Attorney General, others point to manipulations, bogus info in Duke’s plan that could lead to dozens of new, climate-wrecking natural gas-burning power units
The world’s leading scientists say reducing the expansion of natural gas (methane) infrastructure is absolutely crucial to humanity’s efforts to avert widespread climate and social catastrophe, and that curbing methane gas emissions could help “very, very quickly.”
Yet Duke Energy execs seek a blanket regulatory approval that could allow a whopping 11,700 megawatts of new gas-fired electricity generation – dozens of new units – by 2050. The carbon plan they submitted to the NC Utilities Commission (NCUC) contains numerous misrepresentations that heavily slant the case for expanding gas over the far cheaper transition to solar-plus-storage, energy-saving and other climate-protecting solutions.
Duke Energy’s manipulations are a recurring theme from Attorney General Josh Stein, big tech companies and many other parties in the carbon plan docket. Even the NCUC’s Duke-friendly Public Staff says the Charlotte-based fossil fuel giant used “artificial restrictions” to downplay the suitability of solar-plus-storage (SPS).
This goes well beyond honest differences of opinion. All Duke’s “errors” coincidentally fall in its favor. Among the key Duke Energy misrepresentations:
> Several parties reveal that Duke manipulated its EnCompass modeling software to shift results from favoring battery storage to a large amount of new gas. NCSEA et al. say Duke “chose to restrain generation choices and even override EnCompass’s selections by ‘forcing’ it to make certain resource choices.” AG Josh Stein says Duke “used a number of problematic modeling inputs and made unjustified changes to the modeling results.” Tech Customers confirm Duke “hardcoded several asset selections into its modeling.” The Carolinas Clean Energy Business Association attacks Duke for using double-counting, multiple errors and “engineering judgments” in place of legitimate calculations.
> Duke used a misleading, non-standard definition of SPS, matching solar with too little battery capacity in its calculations to argue that SPS can’t serve as a substitute for more gas turbines. It’s akin to a passenger jet designed for 4-hour flights, but with a fuel tank that only allows one hour in the air. [See analysis by NC WARN’s San Diego engineer Bill Powers, p. 5]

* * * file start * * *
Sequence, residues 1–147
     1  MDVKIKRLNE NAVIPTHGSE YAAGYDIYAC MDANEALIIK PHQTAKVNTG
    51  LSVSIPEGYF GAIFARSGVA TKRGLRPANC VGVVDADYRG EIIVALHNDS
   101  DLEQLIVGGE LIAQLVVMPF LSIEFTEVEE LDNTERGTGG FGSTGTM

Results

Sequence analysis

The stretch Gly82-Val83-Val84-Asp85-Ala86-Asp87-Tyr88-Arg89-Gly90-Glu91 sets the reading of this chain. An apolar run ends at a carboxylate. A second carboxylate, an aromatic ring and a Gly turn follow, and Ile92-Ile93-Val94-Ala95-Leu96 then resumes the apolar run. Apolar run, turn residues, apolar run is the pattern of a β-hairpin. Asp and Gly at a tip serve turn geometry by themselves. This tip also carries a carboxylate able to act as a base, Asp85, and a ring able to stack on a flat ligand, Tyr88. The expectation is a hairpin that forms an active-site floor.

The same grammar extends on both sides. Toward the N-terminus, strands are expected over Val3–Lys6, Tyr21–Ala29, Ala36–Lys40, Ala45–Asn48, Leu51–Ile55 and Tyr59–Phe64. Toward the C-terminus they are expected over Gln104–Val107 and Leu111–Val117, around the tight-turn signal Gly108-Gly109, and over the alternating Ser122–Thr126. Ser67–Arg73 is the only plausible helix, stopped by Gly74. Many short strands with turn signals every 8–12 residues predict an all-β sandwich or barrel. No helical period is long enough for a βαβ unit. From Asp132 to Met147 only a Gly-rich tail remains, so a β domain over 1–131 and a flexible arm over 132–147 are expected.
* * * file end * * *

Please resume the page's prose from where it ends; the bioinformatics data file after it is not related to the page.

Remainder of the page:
> Duke Energy claims that, above a very modest level, SPS is unreliable and uneconomic compared to new gas-fired units. But other large utilities – including rival Florida Power & Light – are embracing SPS as superior in cost and reliability: “[B]atteries are now more economic than gas-fired peakers [turbines], even at today’s natural gas prices.” FP&L projects SPS power to cost about half as much as power from large new gas units by the late 2020s. [Powers, p. 15]
> Wholesale urban SPS can substitute for many of the gas turbines, remote solar farms and imported power projects Duke proposes, thus eliminating up to $19 billion in transmission upgrades.* Duke’s exclusion of transmission upgrade costs for remote projects gives the false impression that “big and remote” solar/SPS is lower cost than wholesale urban SPS. [Powers pp. 40 ff.]
> While Duke Energy publicly projects up to 3,900 MW of new gas generation by 2035 (up to two-dozen gas combustion turbines), the details in its 883-page draft plan show it’s seeking approval to build up to 11,700 MW by 2050. [Powers p. 25] This is 22 percent more new gas generation than Duke had planned in 2020.
> Duke Energy is hiding most cost estimates from public comparison, but NC WARN assumes it’s still using projections from its recent filings, which inexplicably allege that building dozens of gas-fired units would cost only half the actual price per MW of recent Duke gas construction projects such as Asheville. [Powers p. 14] Many other parties point to Duke exaggerating solar costs and low-balling costs of natural gas expansion.
The world’s leading climate scientists are pressing to halt new natural gas infrastructure. In May, the latest study by Duke University’s Drew Shindell showed that “Slashing emissions of carbon dioxide by itself isn’t enough to prevent catastrophic global warming … But if we simultaneously also reduce emissions of methane and other often overlooked climate pollutants, we could … give the world a fighting chance.” [emphasis added]
And yet, Duke Energy CEO Lynn Good and other “leaders” conspire by means of dishonest modeling to massively expand the use of that very methane – as more and more people suffer.
* See Duke Energy 2020 IRP. The combined upper-end potential transmission spend in NC is: $8.9 billion (p. 16, “No New Gas Generation” column) + $10 billion (pp. 58-59, additional transmission cost to have maximum import capacity in NC) = $18.9 billion.